Midnight. In wasteland outside the city Amelia wanders in search of the magic herb (Ma dall'arido stelo divulsa) and unexpectedly meets Richard, who has followed her. In tears, Amelia begs him to leave. She no longer has the strength to suppress her feelings for him (Non sai tu che se l'anima mia). However, just at the moment when they are declaring their love for one another (Oh qual soave brivido), Renato appears. Terrified, Amelia covers her face with a veil. Renato warns Richard that Samuel and Tom want to kill him. Richard has to go away, leaving his beloved with her husband, who has not recognised her. But before he departs, Richard makes Renato swear that he will escort the lady back to the city, not attempting to find out who she is. Renato swears he will, and intends to hide her in a safe place. However, the conspirators Tom and Samuel prevent Renato from carrying out his intention. They have sought out Renato, knowing that their plans have been exposed, and now want to learn the identity of his mysterious companion. Renato tries to protect the lady, but in vain. When the conspirators start threatening Renato with death, Amelia lifts her veil herself. In astonishment Tom and Samuel subject the Governor's secretary to ridicule (Ve'se di notte qui colla sposa). Renato, who is filled with hate and desire for revenge, invites the conspirators to visit him the next day and returns to the city with Amelia.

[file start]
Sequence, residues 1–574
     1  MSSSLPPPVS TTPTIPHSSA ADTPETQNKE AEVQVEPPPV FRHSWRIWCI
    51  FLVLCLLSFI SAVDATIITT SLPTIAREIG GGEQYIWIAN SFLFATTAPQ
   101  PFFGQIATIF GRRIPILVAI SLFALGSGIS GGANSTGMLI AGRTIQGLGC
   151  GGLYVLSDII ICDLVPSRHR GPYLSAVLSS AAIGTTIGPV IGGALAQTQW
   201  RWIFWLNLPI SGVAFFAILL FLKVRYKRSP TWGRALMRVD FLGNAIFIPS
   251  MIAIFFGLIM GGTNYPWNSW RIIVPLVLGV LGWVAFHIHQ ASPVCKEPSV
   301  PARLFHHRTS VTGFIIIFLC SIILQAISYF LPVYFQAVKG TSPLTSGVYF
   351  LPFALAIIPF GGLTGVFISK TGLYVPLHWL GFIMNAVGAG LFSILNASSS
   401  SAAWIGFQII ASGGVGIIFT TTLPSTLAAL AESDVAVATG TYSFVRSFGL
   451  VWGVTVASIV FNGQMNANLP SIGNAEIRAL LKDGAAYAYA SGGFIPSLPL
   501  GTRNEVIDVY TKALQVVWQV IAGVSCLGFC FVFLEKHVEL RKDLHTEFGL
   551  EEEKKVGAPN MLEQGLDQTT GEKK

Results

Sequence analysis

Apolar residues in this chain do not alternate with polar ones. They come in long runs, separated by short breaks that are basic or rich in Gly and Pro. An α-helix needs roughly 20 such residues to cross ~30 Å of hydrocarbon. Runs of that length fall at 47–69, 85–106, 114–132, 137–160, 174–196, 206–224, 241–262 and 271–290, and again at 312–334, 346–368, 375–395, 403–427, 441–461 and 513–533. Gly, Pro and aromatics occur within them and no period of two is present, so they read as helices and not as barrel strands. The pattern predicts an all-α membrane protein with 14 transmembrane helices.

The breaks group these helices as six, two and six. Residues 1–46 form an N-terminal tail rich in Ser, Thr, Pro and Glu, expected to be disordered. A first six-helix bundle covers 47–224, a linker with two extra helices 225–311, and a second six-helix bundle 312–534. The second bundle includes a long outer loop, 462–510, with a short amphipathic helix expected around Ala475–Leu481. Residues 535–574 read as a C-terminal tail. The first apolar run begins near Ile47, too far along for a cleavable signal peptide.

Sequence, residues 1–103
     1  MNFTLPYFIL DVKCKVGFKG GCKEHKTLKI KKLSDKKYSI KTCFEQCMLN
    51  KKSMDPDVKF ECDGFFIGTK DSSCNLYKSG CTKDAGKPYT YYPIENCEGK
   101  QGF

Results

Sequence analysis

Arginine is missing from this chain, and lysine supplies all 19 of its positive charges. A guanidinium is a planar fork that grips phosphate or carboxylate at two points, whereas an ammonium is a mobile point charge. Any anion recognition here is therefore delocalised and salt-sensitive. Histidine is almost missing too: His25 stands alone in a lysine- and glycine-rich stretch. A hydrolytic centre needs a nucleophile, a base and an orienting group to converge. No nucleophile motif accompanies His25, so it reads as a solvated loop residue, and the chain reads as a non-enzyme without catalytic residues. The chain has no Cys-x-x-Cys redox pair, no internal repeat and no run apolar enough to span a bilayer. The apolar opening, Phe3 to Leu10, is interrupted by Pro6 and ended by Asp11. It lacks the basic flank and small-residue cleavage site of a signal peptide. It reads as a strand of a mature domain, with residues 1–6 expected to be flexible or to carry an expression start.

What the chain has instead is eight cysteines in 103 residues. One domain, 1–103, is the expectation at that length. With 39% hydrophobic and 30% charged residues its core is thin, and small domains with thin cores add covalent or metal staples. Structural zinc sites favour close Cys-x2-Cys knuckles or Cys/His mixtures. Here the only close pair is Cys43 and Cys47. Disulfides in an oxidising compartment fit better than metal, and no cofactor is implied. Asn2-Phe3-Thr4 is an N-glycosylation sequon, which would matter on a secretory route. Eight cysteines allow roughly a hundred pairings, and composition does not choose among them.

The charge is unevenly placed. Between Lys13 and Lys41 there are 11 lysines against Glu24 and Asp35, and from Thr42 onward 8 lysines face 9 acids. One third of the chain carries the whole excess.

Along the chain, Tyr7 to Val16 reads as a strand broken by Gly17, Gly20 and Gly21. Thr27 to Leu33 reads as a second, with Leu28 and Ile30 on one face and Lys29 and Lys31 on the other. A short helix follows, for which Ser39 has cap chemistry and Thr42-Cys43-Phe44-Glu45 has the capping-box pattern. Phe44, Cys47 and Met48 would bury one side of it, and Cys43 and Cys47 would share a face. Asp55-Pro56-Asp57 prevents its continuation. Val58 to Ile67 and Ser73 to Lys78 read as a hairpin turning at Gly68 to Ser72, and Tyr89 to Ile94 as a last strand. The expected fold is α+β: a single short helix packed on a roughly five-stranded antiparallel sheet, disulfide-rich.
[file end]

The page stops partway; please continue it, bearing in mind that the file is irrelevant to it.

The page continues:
Act 3
Renato's house. The deceived husband is ready to kill his wife there and then, but, heeding Amelia's entreaties (Morro, ma prima in grazia), he allows her to see her son for the last time. Left in solitude, Renato comes to his senses. His gaze rests on a portrait of Richard Earl of Warwick, and he decides that it would be better to kill him (Eri to che macchiavi quell'anima).
Tom and Samuel enter. Renato declares his readiness to join their plot. In order to convince the conspirators, he is prepared to swear on his son's life. Amelia is forced to draw lots to establish who is to kill Earl Richard. The lot falls to Renato. Oscar arrives with an invitation to a masked ball to be held that evening (Di che fulgor, che musiche). Renato decides that this will be the appropriate moment for retribution - the mask will help him carry out the murder. Meanwhile, Earl Richard is taking the decision to part with Amelia forever. He wishes to send her and her husband to England. A sense of foreboding is replaced by the desire to see her again (Ma se m'e forza perderti). Oscar the page passes Richard an anonymous letter which states that somebody will try to kill him at the ball. But Richard pays no attention to the warning: all he wants is to see Amelia once more (Si, rivederti, Amelia).
A hall in the Governor's palace. The masked ball is in full swing. Renato, learning from Oscar what costume the Earl is wearing (Saper vorreste), seeks him out among the guests and finds him at the very moment when he is declaring his love for Amelia for the last time and saying goodbye to her. Renato stabs his friend with a dagger and attempts to hide, but the Governor's guests catch the murderer and tear off his mask. Dying, Richard begs them to release his friend and tells him of the innocent nature of his love for Amelia (Ella e pura, in braccio a morte), and that he had parted with her forever.